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No. 4 February 2007

in this issue
  • SOFA New York: AJF Sponsors Catherine Truman
  • AJF Helps MFA Houston Acquire Keith Lewis Piece
  • Mint Museum Expands Modern Jewelry Collection
  • Take Note!

  • AJF Helps MFA Houston Acquire Keith Lewis Piece
    Keith Lewis

    AJF made a contribution to the Museum of Fine Arts Houston that may have gone unnoticed by many AJF members. In 2006 the Museum was seeking funding support for the acquisition of “Neckpiece for Zymrina: a prostitute of Pompeii” by Keith Lewis. The museum desired to connect and contrast this important contemporary work with its collection of ancient Roman fresco paintings and classical jewelry. AJF, along with many individual AJF members, contributed funds which enabled the museum to add this master work to their jewelry collection.

    Beginning with the Helen Drutt bequest, the Houston museum has made a serious commitment to collecting and displaying significant contemporary art jewelry. The museum felt Lewis’s finely crafted neckpiece with its historic references would be an important addition to their collection, enabling a comparative dialog between classical and contemporary jewelry. Keith Lewis is very appreciative for both the recognition by the museum and the support the acquisition received from AJF and its members.

    Please visit the AJF website for news on other important programs and contributions we have made to provide opportunities for art jewelry to by enjoyed and appreciated.

    Image: “Neckpiece for Zymrina: a prostitute of Pompeii” 2002 (neckpiece with 5 pins) sterling silver, fine silver, 24K gold plate, enamel on copper, pearls. Entire piece: 26 cm dia., largest pin: 6 x 11 x 1 cm. Photo courtesy of the artist.

    Mint Museum Expands Modern Jewelry Collection

    The Mint Museum of Craft + Design has focused on raising capital to expand its contemporary international jewelry collection. The museum will add breadth and dimension to it’s collection by acquiring contemporary jewelry works that exhibit innovation, and originality and distinction in design. The end goal is to assemble a collection which will chronicle original conceptual and technical developments.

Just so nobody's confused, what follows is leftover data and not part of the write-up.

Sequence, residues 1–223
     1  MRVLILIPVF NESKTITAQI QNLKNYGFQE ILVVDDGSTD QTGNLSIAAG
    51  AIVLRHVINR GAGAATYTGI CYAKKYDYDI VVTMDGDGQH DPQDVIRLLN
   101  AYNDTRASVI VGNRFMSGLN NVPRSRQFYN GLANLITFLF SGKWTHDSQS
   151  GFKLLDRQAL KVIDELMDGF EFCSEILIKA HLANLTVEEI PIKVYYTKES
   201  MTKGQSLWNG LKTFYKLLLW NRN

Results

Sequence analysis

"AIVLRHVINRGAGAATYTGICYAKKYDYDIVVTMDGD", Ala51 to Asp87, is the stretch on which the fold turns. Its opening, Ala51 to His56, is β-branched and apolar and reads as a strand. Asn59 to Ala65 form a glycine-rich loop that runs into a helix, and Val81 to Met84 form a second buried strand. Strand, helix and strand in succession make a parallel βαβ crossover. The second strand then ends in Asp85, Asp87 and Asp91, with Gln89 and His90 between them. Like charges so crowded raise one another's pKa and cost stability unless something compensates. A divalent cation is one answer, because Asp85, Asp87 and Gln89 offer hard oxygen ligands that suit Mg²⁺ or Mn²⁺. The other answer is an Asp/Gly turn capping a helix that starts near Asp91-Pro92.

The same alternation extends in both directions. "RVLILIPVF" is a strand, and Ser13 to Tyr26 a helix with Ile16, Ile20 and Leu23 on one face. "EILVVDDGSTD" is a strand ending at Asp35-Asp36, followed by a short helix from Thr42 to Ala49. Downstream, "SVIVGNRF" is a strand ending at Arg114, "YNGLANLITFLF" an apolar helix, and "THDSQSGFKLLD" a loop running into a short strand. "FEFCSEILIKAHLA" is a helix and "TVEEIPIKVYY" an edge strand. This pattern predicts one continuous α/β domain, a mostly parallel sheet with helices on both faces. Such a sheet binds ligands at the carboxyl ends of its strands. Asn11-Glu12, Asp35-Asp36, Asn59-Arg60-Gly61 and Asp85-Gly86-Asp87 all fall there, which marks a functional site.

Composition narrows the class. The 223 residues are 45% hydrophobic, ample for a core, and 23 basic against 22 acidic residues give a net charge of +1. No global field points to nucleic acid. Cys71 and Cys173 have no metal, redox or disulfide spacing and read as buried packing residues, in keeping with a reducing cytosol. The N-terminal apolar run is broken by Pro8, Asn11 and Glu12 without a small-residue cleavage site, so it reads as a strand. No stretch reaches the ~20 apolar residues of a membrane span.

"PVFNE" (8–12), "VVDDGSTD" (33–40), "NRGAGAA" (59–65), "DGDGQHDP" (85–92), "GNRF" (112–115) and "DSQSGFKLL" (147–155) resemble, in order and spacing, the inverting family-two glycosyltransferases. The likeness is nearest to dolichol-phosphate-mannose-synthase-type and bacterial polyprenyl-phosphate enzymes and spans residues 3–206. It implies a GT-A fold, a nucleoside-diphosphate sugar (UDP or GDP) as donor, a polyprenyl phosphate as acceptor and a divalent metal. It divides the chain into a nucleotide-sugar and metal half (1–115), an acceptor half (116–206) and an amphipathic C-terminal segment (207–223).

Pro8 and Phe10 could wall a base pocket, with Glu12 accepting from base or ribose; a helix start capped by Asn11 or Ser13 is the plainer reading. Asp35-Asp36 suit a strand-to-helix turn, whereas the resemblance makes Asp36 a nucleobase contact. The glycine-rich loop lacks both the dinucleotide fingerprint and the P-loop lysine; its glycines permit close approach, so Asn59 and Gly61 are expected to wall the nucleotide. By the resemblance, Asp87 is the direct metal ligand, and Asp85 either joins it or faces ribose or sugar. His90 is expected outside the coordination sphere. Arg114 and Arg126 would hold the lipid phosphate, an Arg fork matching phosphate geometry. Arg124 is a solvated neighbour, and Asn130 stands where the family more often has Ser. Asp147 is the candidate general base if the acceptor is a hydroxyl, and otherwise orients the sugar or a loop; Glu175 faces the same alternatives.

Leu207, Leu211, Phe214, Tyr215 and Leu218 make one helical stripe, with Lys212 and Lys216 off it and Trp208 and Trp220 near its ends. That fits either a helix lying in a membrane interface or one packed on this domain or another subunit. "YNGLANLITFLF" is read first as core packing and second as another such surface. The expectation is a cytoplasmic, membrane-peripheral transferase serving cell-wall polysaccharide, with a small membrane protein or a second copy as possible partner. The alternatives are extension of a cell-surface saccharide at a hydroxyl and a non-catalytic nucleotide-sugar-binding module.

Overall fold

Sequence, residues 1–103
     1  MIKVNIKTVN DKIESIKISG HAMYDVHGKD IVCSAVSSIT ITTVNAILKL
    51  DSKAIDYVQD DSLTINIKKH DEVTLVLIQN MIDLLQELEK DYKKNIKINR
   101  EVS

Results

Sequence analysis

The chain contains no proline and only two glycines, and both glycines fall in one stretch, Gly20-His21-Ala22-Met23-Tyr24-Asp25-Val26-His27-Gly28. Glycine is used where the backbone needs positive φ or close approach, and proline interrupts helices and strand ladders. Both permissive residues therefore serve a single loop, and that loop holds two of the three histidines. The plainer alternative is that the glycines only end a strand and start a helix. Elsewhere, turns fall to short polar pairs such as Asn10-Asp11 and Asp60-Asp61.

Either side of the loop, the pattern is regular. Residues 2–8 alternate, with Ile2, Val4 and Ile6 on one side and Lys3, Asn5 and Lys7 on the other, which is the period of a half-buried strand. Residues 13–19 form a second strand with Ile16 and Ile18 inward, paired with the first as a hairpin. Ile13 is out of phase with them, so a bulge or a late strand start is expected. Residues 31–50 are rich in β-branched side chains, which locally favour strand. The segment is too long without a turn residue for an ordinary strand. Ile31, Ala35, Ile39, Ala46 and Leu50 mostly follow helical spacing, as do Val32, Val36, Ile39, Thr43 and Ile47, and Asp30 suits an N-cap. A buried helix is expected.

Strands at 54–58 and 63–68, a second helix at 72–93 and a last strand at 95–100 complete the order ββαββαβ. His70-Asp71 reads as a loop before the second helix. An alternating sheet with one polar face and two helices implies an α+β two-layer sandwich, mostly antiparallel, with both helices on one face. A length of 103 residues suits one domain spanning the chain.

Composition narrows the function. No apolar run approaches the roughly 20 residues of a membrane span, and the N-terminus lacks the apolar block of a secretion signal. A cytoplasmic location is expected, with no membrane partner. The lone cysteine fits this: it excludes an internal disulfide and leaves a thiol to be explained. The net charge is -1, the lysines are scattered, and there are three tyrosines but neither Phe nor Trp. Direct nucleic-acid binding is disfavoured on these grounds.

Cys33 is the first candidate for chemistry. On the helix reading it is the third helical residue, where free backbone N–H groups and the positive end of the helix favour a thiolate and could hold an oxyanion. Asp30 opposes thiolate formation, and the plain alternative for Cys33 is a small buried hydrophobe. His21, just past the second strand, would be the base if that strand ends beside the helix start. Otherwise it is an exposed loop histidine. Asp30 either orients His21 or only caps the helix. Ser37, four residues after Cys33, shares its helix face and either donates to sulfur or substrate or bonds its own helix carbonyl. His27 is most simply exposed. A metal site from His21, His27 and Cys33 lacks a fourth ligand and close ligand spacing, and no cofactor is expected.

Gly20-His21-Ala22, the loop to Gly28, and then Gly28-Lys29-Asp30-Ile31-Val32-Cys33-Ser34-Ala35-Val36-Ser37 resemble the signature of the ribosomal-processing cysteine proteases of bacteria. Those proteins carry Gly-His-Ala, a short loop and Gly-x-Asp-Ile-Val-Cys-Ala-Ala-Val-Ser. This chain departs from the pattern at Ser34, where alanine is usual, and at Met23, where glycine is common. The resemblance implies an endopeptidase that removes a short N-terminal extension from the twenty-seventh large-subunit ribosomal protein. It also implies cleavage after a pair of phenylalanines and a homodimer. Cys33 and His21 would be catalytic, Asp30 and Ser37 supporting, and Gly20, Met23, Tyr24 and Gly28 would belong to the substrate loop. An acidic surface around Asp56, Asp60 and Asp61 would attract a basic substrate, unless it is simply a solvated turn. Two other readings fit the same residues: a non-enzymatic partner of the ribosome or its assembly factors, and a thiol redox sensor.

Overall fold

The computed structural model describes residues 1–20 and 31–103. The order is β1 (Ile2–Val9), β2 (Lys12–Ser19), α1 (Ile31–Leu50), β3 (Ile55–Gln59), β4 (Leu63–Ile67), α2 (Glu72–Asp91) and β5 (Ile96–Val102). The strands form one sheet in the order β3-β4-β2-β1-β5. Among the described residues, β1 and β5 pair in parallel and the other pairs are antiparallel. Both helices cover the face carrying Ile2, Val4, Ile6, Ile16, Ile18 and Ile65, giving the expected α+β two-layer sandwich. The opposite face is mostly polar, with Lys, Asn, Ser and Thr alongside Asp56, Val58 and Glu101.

Assisting the museum in the search for the rare, the unusual and the nearly unobtainable is AJF member and jewelry collecting pioneer Susan Beech. Susan is working with the museum to build the collection, and the museum staff continues to benefit from her extensive knowledge and critical commentary.

    Among the many fine works the museum collected at SOFA Chicago 2006 were works by Lisa Gralnick, Sergey Jivetin, Ruudt Peters, Annamaria Zanella and Katja Prin. These acquisitions illustrate the physical and imaginative exploration of nontraditional materials by artists from across the globe to create alluring and wearable works of art.

    Image: Annamaria Zenella, Brooch, 2006 silver enamel gold and pigment. Photo: courtesy of the Mint Museum of Craft + Design

    Take Note!

    • SOFA has announced that Opening Night will move to Thursday evening, May 31. For more information use the "Quick Link" to visit the SOFA website.

    • Use the "Quick Links" to visit the AJF website for news about our 2007 trips to Boston (May 20 - 21) and Houston (Sept. 26 - 30).

    • If you overlooked renewing your AJF membership, take a few minutes to send your renewal to us today.

    • If you have exhibition or museum news to share send us an email using the "Quick Links".

    • Invite a friend to join AJF.

    SOFA New York: AJF Sponsors Catherine Truman
    Truman 2

    AJF is pleased to sponsor Australian artist Catherine Truman’s speaking engagement at SOFA New York in June. Catherine is co-founder of Gray Street Workshop in Adelaide, Australia. Established in 1985, it is one of Australia’s longest running contemporary jewelry studios. Her work has always been informed by a strong political consciousness. In recent work she investigates the authenticity of the images we carry about our personal anatomy. The resulting objects, characteristically carved from wood or wax, are not exact anatomical replicas but rather evoke sensory responses of physical recognition and resemblance.

    Catherine explains, “I am a maker of objects for and about the human body. My current interests lie in the ways in which human anatomy has been translated through artistic process and scientific method - how the experience of living inside a body has been given meaning.

    The interior of the body is a concealed territory - the less we see the more we imagine. I’m interested in how we reveal and conceal the unfamiliar - the unaccustomed, the invisible. A curiosity of the very nature of the human body itself has always been a potent resource for the subject matter of my work and my choice of medium.”

    Truman has exhibited widely in Australia and internationally and is represented in a number of major national and international collections. Currently she is a Fine Arts masters by research candidate at Monash University.

    Image: Yellow #3 (brooch), 2006 carved English lime wood, paint, shu nihu ink, 80 x 110 x 40mm. Photo by Grant Hancock

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